An important (if not obvious) reason for involving the board in such performance-management efforts is the need to focus attention on the way it should use its own time and energy—for example, fund-raising, community relations, strategic planning, or tactical matters such as improving specific programs, recruiting staff, or overseeing financial plans. A year or two later, as the organization grows and the external landscape changes, the board might have to change its priorities. Becoming a dynamic board capable of making such shifts while periodically revisiting common challenges to its effectiveness is central to weathering change and building for the future.
The desirability of a dynamic board might seem to be mere common sense, but it is uncommonly hard to become one. Deciding what to emphasize demands serious self-scrutiny, and only 35 percent of the nonprofit directors we surveyed said that their boards submit to it now. Many boards are reluctant to do so because it takes time and can yield pointed criticisms.
Yet a dynamic board is quite valuable, as the experience of a major environmental nonprofit considering a billion-dollar expansion program shows. Several directors feared that it would distract the organization from urgent advocacy priorities or founder because the board lacked members with experience running aggressive fund-raising campaigns. These concerns, rumbling beneath the surface, were crystallized by a self-assessment initiative. As a result, the board had a series of discussions with management and ultimately modified the program. Over the next two years, this board moved to improve its long-term effectiveness by increasing the directors’ fund-raising responsibilities, redesigning meetings to focus more on discussion (rather than management-led “education”), and restructuring committee roles.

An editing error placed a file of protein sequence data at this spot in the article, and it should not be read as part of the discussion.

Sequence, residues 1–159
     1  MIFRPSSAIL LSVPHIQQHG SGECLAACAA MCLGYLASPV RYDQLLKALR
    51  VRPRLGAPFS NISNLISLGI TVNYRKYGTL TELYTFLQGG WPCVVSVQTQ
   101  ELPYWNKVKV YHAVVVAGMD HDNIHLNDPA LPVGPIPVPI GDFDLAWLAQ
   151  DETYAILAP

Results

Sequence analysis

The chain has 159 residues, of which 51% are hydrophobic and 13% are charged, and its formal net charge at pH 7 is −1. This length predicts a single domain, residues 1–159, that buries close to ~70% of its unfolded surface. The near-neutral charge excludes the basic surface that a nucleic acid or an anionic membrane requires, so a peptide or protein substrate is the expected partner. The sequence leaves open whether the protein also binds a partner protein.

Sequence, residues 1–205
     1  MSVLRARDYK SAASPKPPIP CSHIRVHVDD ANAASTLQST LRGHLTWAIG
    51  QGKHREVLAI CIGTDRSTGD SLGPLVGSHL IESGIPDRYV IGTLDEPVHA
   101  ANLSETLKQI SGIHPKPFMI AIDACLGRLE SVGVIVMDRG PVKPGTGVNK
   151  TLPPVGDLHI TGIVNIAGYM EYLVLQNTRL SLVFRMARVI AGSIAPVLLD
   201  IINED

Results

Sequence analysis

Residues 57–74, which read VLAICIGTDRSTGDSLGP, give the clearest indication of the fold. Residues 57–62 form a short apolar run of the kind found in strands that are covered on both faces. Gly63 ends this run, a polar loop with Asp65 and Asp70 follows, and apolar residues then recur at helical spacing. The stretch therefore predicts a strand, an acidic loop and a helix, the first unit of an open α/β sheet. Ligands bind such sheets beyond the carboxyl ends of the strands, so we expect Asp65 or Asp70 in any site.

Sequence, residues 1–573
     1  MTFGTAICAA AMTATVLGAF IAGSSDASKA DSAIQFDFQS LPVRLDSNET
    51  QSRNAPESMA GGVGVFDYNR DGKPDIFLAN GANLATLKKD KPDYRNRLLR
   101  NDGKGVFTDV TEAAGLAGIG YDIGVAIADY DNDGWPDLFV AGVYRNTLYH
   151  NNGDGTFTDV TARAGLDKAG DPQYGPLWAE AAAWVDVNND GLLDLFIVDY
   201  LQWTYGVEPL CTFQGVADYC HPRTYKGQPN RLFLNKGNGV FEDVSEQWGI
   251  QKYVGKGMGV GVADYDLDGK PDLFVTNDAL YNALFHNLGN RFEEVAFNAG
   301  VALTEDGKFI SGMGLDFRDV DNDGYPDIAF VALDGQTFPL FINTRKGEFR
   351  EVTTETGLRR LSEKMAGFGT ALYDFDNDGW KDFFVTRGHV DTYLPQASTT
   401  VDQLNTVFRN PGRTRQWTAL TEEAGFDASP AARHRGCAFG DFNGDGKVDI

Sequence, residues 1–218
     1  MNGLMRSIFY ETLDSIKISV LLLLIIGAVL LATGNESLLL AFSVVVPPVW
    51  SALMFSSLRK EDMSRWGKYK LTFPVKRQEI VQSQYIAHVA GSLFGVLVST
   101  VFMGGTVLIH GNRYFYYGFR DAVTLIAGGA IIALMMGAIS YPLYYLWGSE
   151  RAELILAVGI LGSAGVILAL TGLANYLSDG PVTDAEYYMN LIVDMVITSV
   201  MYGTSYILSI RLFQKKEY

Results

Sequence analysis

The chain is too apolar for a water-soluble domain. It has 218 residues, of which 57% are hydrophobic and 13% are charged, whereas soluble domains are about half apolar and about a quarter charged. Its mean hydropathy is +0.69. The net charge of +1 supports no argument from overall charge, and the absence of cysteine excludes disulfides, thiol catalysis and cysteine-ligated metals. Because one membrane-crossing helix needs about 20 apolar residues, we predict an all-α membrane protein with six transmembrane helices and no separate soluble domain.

How can a board begin the process of self-reflection? Directors might initiate the process themselves if they are frustrated with the way they are using their time or with their peers’ performance. Sometimes the executive director—concerned, perhaps, about whether the board has the right composition—takes the lead. Regardless of the source, the self-assessment should be an opportunity for education as well as evaluation; conversations about a “gold standard” for effective boards, for instance, can open the eyes of directors who haven’t served on strong ones elsewhere.3
Scrutiny of the board and its roles can take many forms, from facilitated workshops to one-on-one interviews and survey-based processes. Whichever approach is chosen, it should lead to the gathering of facts, to debate and consensus on priorities, and to assignments for individual board members.
The time when nonprofit boards were populated by wealthy do-gooders who just raised money, hired CEOs, and reaffirmed broad policy is over. Today, nonprofit organizations in the United States control upward of $1.5 trillion in assets and are increasingly relied upon to help address society’s ills. The good news is that nonprofit boards usually need not take on all of their new responsibilities at once. By being flexible and dynamic, embracing self-scrutiny, and acting on the findings, boards can do more and do it better.